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Sweden, the Swastika and StalinThe Swedish experience in the Second World War$
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John Gilmour

Print publication date: 2011

Print ISBN-13: 9780748627462

Published to Edinburgh Scholarship Online: September 2012

DOI: 10.3366/edinburgh/9780748627462.001.0001

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Looking Back in Anger? The Assault on ‘Small-State Realism’

Looking Back in Anger? The Assault on ‘Small-State Realism’

Chapter:
(p.270) 12 Looking Back in Anger? The Assault on ‘Small-State Realism’
Source:
Sweden, the Swastika and Stalin
Author(s):

John Gilmour

Publisher:
Edinburgh University Press
DOI:10.3366/edinburgh/9780748627462.003.0013

A debate has developed between two main schools of historiographical interpretation of Sweden’s wartime conduct which can briefly be summarised as ‘small-state realism’ and ‘moral interpretation’. ‘Small-state realism’ rested on propositions such as that the welfare and survival of the Swedish people were at stake. This interpretation would dominate discourse until the 1990s. Maria-Pia Boëthius’1991 book attacked the moral basis of ‘small-state realism’. The shift in emphasis from ‘small-state realism’ interpretation to moral interpretation meant that the Coalition Government could be portrayed as ‘running errands for a tyrannical butcher’. Two paradigms are suggested to aid interpretation. Cosmopolitanism and communitarianism lie at the core of the argument on ‘right’ or ‘wrong while Maslow’s ‘hierarchy of needs’ helps to clarify why the post-war generation has had such difficulty understanding the rationale of a wartime policy that was approved by most Swedes. Following Boëthius’ book there was a new, revelatory wave of disclosure about those aspects of Swedish-Nazi contacts which had previously been ignored.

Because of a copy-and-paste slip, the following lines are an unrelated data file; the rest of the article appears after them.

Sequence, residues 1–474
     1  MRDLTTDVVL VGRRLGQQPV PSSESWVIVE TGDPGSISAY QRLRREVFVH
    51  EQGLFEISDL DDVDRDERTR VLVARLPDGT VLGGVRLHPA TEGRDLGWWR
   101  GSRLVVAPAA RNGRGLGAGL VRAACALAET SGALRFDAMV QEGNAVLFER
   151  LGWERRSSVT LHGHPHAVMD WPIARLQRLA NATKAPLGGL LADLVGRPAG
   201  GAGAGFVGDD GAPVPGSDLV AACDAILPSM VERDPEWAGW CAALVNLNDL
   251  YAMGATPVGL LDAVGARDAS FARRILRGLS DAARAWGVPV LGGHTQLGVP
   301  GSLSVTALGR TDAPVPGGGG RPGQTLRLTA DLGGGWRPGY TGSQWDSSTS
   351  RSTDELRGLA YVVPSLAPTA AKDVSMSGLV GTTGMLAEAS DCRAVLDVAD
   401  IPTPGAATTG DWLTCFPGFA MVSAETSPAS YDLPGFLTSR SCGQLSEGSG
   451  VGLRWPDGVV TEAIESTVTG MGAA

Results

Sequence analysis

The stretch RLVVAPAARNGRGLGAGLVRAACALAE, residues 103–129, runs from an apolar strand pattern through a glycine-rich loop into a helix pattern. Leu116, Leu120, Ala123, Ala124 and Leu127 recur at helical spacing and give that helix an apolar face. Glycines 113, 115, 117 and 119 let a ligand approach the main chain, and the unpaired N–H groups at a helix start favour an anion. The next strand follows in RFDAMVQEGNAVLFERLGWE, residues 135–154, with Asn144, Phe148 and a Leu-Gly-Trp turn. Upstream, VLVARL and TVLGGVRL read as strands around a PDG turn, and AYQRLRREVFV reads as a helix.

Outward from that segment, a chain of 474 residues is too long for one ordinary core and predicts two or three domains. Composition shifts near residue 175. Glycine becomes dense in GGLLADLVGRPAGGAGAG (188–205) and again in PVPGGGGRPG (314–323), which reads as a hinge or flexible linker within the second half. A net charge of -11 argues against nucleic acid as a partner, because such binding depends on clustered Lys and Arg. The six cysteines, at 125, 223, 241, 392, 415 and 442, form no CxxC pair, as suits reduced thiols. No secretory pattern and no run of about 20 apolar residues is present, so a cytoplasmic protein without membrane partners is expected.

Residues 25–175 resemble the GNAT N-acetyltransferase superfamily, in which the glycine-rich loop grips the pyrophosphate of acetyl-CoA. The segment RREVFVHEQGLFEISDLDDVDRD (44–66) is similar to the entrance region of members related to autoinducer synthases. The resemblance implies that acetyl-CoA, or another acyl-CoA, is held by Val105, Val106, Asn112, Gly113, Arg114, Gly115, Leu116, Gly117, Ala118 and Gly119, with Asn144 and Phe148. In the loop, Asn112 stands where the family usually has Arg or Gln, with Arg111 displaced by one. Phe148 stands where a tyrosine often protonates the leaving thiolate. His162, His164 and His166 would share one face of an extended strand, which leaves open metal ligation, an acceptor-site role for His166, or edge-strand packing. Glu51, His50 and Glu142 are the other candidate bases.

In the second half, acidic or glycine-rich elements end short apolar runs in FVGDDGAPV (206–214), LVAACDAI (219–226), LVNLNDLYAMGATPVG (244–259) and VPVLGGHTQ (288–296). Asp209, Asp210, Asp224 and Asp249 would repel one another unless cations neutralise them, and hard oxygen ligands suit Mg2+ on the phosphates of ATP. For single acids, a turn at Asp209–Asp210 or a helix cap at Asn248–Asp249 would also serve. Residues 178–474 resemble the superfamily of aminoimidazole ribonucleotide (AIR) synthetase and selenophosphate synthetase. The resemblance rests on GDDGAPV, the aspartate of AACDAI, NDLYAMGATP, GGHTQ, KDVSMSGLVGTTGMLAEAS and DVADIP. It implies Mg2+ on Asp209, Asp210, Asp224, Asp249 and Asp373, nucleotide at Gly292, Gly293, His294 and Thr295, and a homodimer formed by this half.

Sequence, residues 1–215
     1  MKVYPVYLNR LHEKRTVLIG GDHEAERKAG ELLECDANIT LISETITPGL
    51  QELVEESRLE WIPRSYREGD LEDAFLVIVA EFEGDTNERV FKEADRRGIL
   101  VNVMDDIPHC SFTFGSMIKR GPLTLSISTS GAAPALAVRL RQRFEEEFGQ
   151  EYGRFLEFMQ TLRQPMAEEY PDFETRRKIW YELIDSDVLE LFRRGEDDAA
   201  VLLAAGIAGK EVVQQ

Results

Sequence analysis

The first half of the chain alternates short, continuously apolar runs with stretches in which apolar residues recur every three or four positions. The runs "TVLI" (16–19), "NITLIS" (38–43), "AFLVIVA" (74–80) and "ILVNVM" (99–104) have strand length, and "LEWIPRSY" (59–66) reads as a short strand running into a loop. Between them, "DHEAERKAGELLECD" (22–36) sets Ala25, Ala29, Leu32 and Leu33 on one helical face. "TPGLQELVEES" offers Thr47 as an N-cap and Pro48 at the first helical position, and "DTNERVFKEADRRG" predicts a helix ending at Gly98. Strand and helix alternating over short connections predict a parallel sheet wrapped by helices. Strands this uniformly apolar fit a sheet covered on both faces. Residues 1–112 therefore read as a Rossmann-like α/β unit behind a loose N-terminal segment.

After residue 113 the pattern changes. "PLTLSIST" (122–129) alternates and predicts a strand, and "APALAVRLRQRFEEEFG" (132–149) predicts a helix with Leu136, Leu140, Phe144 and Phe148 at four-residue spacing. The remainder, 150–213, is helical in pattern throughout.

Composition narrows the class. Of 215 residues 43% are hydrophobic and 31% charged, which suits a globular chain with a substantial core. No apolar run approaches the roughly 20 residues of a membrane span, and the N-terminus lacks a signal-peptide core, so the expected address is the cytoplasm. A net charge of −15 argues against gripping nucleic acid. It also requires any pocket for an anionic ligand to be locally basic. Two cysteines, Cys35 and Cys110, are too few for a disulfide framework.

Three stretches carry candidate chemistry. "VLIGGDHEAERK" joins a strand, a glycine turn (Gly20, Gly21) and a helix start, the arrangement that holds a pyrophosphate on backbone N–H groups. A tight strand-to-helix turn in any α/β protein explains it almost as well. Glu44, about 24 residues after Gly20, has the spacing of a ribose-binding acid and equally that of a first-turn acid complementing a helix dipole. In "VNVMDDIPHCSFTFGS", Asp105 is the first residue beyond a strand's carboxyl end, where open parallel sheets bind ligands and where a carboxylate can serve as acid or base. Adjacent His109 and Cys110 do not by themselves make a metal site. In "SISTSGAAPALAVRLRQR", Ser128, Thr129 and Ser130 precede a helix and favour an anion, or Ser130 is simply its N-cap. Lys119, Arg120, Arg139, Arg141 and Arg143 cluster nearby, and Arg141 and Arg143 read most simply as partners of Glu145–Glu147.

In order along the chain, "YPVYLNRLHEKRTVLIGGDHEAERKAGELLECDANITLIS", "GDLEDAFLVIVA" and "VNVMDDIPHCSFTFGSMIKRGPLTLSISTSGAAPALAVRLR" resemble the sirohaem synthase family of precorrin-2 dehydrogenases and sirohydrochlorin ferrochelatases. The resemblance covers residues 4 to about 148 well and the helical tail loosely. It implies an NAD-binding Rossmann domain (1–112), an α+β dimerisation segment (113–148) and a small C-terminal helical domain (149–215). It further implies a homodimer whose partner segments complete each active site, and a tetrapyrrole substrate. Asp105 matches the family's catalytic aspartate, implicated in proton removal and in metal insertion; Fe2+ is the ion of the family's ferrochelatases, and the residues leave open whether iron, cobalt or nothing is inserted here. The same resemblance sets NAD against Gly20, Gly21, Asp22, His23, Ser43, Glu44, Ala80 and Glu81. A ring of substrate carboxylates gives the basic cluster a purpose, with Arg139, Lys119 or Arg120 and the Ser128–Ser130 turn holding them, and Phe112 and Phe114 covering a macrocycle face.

Keywords:   small-state realism, morality, Maria-Pia Boëthius, Alf W Johansson, SUAV, Cosmopolitanism, Communitarianism, Maslow, Holocaust

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